This Thursday, April 21, at 11:35 a.m., Corentin Horeau crossed the finish line of the great Solo Ma?tre CoQ race, thus completing the 327-mile course between Belle-Ile, R? and Yeu in the lead after a little less than 48 hours at sea. " This victory is obviously very pleasing ", declared the skipper of Mutuelle Bleue, author of a very nice achievement, less than 20 miles from Les Sables d'Olonne. “ During the 2014 edition, Gildas Mah? did the same thing and he won. I had this memory engraved in a corner of the head. In addition, going into the Pertuis d'Antioche, in the soft and with the current, I did not feel it too much. For me, it was a blow to be forced to anchor so as not to end up on the coast“, detailed the Trinitain who thus rose from fifth to first place. “ We knew that if the wind came back, it would be out to sea first. At one point, I hit 7 knots of wind and found myself on the direct course. From then on, I said to myself that it felt good for me even if it remained very irregular. Suddenly it started again, suddenly it came back. It remained capricious until the end but I knew that it was less hard for me than for the others, closer to the ground , "detailed Corentin who finally won with a lead of 51 minutes over his pursuer. the closest.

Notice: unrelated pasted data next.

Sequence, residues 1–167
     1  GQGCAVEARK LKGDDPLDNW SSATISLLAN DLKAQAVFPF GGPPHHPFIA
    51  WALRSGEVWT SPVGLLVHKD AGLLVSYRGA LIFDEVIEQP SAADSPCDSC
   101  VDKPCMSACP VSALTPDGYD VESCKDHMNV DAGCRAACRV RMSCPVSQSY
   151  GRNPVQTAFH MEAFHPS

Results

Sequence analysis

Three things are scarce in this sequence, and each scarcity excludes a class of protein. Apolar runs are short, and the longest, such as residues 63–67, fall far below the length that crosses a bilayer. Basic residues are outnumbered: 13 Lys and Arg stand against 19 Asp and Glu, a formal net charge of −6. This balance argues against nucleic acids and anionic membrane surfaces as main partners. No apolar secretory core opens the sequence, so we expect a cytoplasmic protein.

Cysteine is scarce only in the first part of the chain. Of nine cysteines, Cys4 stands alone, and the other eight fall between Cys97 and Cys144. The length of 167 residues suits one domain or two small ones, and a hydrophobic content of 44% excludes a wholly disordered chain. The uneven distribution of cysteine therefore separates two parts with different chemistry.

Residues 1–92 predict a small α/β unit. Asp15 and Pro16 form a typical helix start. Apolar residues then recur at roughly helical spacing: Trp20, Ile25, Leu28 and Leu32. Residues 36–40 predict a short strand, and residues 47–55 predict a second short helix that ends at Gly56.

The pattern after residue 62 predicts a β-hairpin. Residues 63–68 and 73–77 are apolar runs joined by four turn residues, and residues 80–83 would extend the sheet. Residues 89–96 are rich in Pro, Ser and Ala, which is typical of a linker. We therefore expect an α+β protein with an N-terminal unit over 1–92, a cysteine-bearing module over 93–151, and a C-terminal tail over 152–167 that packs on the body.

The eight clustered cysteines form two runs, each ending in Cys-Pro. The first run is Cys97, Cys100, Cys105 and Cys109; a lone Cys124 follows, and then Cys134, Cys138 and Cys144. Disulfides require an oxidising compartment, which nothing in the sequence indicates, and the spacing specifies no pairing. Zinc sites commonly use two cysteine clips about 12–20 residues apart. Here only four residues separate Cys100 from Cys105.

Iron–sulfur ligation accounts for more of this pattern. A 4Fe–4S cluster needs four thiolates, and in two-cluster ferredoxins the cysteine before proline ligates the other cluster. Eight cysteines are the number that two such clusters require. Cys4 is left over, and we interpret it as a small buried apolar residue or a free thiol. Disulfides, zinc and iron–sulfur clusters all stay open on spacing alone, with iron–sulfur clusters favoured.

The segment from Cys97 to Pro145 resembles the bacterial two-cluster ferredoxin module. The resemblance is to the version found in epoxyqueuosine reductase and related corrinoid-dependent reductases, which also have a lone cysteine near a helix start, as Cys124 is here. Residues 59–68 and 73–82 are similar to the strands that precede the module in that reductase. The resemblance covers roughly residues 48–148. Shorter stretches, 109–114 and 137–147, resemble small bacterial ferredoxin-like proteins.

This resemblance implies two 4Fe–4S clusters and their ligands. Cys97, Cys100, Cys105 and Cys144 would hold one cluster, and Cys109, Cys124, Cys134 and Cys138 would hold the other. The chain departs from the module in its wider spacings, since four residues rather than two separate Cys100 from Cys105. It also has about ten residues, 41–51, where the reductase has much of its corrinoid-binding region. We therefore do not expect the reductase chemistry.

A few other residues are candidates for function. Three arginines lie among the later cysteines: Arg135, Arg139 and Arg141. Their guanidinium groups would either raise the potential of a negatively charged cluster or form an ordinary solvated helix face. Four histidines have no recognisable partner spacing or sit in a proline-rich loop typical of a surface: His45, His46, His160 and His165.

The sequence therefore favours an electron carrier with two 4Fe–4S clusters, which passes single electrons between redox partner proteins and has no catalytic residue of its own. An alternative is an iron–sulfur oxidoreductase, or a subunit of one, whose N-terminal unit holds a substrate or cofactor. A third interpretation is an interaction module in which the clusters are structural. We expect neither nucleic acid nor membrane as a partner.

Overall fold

Cards redistributed but confidence gained despite everything